Tailwind CSS is a utility-first, highly customizable, low-level CSS framework. Rather than focusing on the functionality of the item being styled, Tailwind is centered around how it should be displayed. This makes it easier for the developer to test out new styles and change the layout.
<div class="p-6 max-w-sm mx-auto bg-white rounded-xl shadow-lg flex"> <div class="shrink-0"> <img class="h-12 w-12" src="/img/avatar.svg" alt="Avatar" /> </div> <div> <div class="text-xl font-medium text-black">Full Name</div> <p class="text-slate-500">short bio</p> </div> </div>
Tailwind encourages a utility-first workflow, where designs are implemented using only low-level utility classes. This is a powerful way to avoid premature abstraction and the pain points that come with it.
You aren’t wasting energy inventing class names. No more adding silly class names like sidebar-inner-wrapper just to be able to style something, and no more agonizing over the perfect abstract name for something that’s really just a flex container.
Your CSS stops growing. Using a traditional approach, your CSS files get bigger every time you add a new feature. With utilities, everything is reusable so you rarely need to write new CSS.
Making changes feels safer. CSS is global and you never know what you’re breaking when you make a change. Classes in your HTML are local, so you can change them without worrying about something else breaking.
Every utility class in Tailwind can be applied conditionally at different breakpoints, which makes it a piece of cake to build complex responsive interfaces without ever leaving your HTML.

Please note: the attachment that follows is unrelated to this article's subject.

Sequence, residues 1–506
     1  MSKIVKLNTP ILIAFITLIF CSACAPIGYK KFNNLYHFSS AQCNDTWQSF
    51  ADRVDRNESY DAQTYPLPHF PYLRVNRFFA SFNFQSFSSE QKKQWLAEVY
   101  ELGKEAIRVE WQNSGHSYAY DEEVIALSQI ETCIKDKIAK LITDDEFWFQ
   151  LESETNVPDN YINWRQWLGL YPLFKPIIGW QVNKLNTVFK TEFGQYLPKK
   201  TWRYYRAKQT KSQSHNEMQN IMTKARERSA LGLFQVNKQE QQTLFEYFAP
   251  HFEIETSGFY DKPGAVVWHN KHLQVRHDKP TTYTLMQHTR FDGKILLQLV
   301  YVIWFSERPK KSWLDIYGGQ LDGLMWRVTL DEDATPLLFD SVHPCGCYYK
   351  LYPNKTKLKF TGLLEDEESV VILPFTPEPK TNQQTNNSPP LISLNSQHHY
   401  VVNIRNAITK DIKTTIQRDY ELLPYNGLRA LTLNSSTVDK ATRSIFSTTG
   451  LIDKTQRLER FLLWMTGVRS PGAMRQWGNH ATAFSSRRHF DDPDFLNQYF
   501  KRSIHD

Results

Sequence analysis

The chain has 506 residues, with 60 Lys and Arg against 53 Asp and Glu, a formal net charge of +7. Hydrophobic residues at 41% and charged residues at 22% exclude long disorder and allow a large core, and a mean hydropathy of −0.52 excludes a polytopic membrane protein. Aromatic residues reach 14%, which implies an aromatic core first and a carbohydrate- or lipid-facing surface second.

By default, Tailwind uses a mobile first breakpoint system, similar to what you might be used to in other frameworks like Bootstrap.
Tailwind’s breakpoints only include a
min-width and don’t include a
max-width, which means any utilities you add at a smaller breakpoint will also be applied at larger breakpoints.
If you’d like to apply a utility at one breakpoint only, the solution is to undo that utility at larger sizes by adding another utility that counteracts it.
Now that dark mode is a first-class feature of many operating systems, it’s becoming more and more common to design a dark version of your website to go along with the default design.
Tailwind includes a dark variant that lets you style your site differently when dark mode is enabled.
By default this uses the
prefers-color-scheme CSS media feature, but you can also build sites that support toggling dark mode manually.
If you’re repeating the same utilities over and over and over again, all you have to do is extract them into a component or template partial and boom — you’ve got a single source of truth so you can make changes in one place.
If you need to reuse some styles across multiple files, the best strategy is to create a component if you’re using a front-end framework like React, Svelte, or Vue, or a template partial if you’re using a template language like Blade, ERB, Twig, or Nunjucks.
Components and template partials solve duplication problem much better than CSS-only abstractions because a component can encapsulate the HTML and the styles. Changing the font-size for every instance is just as easy as it is with CSS, but now you can turn all of the titles into links in a single place too.